Psychiatrist and queer feminist activist Ranjita Biswas (she/they) cites an incident. A gender-nonconforming person died under suspicious circumstances just days after leaving their peer group and going home to their birth parents. The final rites were performed with them dressed in bangles and a saree.

"When a member of our community asked their mother why she chose a saree for someone who had worn androgynous clothes all their life, she plainly said it was natural because after all, the deceased 'was her daughter,'" Biswas recalls.

The Indian queer mental health support infrastructure, already compromised with historical prejudice, is now struggling

David Talukdar/ZUMA

"Correctional" therapy

In India, queer people's access to professional mental healthcare has been "very limited," according to community members such as Ankan Biswas, India's first transgender lawyer who has been working with the Human Rights Law Network in West Bengal.

"A large majority of the psychiatrists still consider homosexuality as a disorder and practice 'correctional therapy'. It's only around the big cities that some queer-friendly psychiatrists can be found," Biswas said. "The pandemic has further widened the inequalities in access to mental health support for India's LGBTQ community."

Biswas is spending anxious days fielding an overwhelming amount of calls and rescue requests from queer members trapped in their homes, undergoing mental, verbal and even physical torture. "We don't have the space, I just tell them to wait and bear it a little longer," he said.

Medical care is dismal

Anuradha Krishnan's story, though not involving birth family, outlines how the lack of physical support spaces have affected India's queer population. Abandoned by her birth family when she came out to them as a trans woman in 2017, Anuradha Krishnan (she/they), founder of Queerythm in Kerala who is studying dentistry, had to move into an accommodation with four other persons.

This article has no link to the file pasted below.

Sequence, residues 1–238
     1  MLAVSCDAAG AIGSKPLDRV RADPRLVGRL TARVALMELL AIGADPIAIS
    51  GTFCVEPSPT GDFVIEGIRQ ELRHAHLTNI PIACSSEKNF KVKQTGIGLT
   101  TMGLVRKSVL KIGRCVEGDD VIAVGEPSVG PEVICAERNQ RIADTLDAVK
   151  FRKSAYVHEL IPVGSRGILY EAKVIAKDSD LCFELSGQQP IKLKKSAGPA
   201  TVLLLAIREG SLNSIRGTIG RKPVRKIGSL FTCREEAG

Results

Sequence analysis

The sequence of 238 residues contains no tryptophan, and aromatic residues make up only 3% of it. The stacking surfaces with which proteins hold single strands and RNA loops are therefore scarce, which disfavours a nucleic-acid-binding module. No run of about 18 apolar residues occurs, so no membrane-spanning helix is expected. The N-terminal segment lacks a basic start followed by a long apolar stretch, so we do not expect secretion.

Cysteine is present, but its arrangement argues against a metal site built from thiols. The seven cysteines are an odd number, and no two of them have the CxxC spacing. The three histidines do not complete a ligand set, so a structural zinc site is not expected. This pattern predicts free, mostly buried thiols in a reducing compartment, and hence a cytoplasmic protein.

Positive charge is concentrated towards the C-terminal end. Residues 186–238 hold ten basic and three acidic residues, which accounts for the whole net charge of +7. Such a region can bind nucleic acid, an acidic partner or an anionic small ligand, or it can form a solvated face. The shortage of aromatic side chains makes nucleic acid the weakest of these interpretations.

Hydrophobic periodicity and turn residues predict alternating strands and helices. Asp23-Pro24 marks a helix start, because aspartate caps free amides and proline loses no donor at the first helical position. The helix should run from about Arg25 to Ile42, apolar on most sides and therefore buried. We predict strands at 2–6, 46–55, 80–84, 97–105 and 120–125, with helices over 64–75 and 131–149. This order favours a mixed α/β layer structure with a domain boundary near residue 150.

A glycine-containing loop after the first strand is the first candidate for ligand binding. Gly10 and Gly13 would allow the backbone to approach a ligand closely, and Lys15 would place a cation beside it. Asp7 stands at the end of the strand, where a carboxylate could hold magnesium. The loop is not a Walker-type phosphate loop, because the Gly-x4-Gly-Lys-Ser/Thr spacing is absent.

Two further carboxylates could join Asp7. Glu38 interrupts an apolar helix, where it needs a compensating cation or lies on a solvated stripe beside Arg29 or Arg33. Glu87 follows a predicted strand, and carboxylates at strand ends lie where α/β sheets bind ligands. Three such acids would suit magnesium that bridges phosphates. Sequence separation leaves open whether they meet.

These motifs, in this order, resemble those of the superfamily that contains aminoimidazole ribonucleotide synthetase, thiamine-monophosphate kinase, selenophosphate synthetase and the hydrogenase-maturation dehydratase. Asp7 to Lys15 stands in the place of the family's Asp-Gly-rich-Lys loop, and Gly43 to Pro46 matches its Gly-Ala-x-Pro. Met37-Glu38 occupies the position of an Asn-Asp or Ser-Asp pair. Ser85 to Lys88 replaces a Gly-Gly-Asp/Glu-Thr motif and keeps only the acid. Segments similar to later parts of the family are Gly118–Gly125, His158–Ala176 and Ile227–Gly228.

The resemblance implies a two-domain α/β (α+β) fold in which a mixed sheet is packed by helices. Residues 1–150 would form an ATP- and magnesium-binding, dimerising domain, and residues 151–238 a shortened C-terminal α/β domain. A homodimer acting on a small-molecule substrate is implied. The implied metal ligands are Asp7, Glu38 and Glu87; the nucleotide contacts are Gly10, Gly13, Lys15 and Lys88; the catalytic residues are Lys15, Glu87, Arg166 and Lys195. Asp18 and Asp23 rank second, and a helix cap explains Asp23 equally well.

Isolation triggered my depression

"I am used to talking and hanging around with friends. Isolation triggered my depression and I had to seek psychiatric help." Living in cramped quarters did not help with quarantine requirements and all of them tested positive during the first wave.

What is deeply worrying is that the Indian queer mental health support infrastructure, already compromised with historical prejudice, is now struggling, placing more and more pressure on queer collectives and peer support groups whose resources are wearing thin.

During the 10 months of the first wave of the pandemic in India in 2020, Y'all, a queer collective based in Manipur, received about 1,000 distress calls on their helpline number from LGBTQ+ individuals. In May 2021 alone, they received 450 such calls (including texts and WhatsApp messages) indicating a telling escalation in the number of queer people seeking help during the second wave.

As India's queer-friendly mental health support infrastructure continues to be tested, Y'all founder, Sadam Hanjabam, a gay man, says, "Honestly, we are struggling to handle such a large number of calls, it is so overwhelming. We are also dealing with our own anxieties. We are burning out."

Sreemanti Sengupta is a freelance writer, poet, and media studies lecturer based in Kolkata.